São Pedro and São Paulo are two tiny rocks half way between the Cape Verdes and Brazil……..A tiny speck Dan found on Google Earth. They measure about the size of four football pitches and rise sharply from the sea bed. As we neared them we saw a fishing boat moored to the one buoy…..

Land Ahoy!

Land Ahoy!

A traffic jam in the middle of nowhere!

We nosed up to the boat , threw them a mooring line  and dropped back ......simple!

We nosed up to the boat , threw them a mooring line and dropped back ……simple!

Jenni’s Portuguese again came to the rescue and she contacted the fishing boat on the VHF. They put us in touch with the scientists on the island who arranged with the fishermen to take us ashore in their dinghy. There is no way that we would have ventured through the swell, between the ragged rocks and moored up to a rickety ladder and clambered ashore without their expertise.

Our 'taxi' waiting in the swell.

Our ‘taxi’ waiting in the swell.

We were welcomed by four broom stick wielding scientists who were collecting samples for research. The broom sticks had nothing to do with their research…….they carried them to ward off the vicious  pecks from nesting boobies that were breeding all over the rocks.

Jenni, broom stick in hand. making it safely to the look out point.

Jenni, broom stick in hand. making it safely to the look out point.

The Scientist's accomodation

The Scientist’s accommodation…..the front door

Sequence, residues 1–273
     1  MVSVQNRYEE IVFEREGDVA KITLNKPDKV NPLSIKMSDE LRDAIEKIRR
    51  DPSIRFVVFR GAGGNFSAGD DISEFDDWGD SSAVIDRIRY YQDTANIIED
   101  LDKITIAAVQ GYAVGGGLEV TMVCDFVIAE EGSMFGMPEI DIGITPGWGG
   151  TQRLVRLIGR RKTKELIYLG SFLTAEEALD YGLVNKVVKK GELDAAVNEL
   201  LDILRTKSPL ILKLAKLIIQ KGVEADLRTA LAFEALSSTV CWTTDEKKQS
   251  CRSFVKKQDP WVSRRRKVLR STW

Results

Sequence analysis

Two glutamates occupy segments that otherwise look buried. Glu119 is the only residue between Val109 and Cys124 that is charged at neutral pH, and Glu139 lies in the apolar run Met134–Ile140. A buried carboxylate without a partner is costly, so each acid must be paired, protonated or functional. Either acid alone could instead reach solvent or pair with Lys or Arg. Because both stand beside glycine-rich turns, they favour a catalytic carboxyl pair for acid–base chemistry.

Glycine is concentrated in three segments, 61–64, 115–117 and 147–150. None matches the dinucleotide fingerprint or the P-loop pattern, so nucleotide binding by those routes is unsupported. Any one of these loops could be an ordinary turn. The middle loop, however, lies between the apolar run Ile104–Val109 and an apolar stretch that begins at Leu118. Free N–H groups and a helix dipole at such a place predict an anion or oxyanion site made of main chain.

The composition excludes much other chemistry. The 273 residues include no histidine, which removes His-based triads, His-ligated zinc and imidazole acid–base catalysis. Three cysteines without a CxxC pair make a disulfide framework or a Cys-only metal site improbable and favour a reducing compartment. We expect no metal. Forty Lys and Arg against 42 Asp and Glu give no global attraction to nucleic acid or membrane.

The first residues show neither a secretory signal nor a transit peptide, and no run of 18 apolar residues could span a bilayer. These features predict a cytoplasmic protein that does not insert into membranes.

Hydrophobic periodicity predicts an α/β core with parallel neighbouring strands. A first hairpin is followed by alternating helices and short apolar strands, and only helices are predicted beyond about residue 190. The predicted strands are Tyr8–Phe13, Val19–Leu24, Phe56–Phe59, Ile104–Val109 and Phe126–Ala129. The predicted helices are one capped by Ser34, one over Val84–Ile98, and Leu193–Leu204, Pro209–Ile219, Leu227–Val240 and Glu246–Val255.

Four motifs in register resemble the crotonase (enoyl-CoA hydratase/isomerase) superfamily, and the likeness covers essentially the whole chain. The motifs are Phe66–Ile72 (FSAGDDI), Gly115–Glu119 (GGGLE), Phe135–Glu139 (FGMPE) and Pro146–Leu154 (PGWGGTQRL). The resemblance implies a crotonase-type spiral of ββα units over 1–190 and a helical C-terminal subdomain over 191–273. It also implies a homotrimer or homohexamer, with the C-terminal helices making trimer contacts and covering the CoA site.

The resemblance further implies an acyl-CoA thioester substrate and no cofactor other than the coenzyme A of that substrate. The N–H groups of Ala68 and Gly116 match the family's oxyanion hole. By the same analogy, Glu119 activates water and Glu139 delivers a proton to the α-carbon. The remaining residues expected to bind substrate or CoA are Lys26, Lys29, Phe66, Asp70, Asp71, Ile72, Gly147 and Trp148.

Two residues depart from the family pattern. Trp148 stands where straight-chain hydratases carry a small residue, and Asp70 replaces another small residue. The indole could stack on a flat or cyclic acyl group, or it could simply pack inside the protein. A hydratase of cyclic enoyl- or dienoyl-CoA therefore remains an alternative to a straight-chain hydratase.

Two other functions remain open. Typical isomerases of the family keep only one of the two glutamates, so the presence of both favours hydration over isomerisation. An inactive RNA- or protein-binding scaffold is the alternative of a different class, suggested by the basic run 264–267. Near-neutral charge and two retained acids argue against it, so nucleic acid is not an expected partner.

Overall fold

The back door

The back door

They came, they saw, they conquered!

They came, they saw, they conquered!

We had a tour of the island and found out a bit about life on São Pedro & São Paulo …….. The scientists and all their gear are ferried to the island from Fernando de Norunha by the fishing boat and they stay for two weeks at a time. Whilst the scientists fill their mornings with sciencie  things and their afternoons ‘chilling’, the fishing boat fishes in waters that no other boats are allowed to work around the island. After the fortnight, there is a change around and the scientists are replaced by the next lot brought by a sister ship.

The Boobies have no fear of humans, despite the broom handles.

The Boobies have no fear of humans, despite the broom handles.

One interesting fact we learnt is that the rocks are unique. They are the only place on earth where the earth’s mantle has pushed up through a fault line and created the islands. Earthquakes are a regular occurrence and we saw Richter scale sensors, but didn’t feel any shakes.

The accommodation for the scientists is spartan,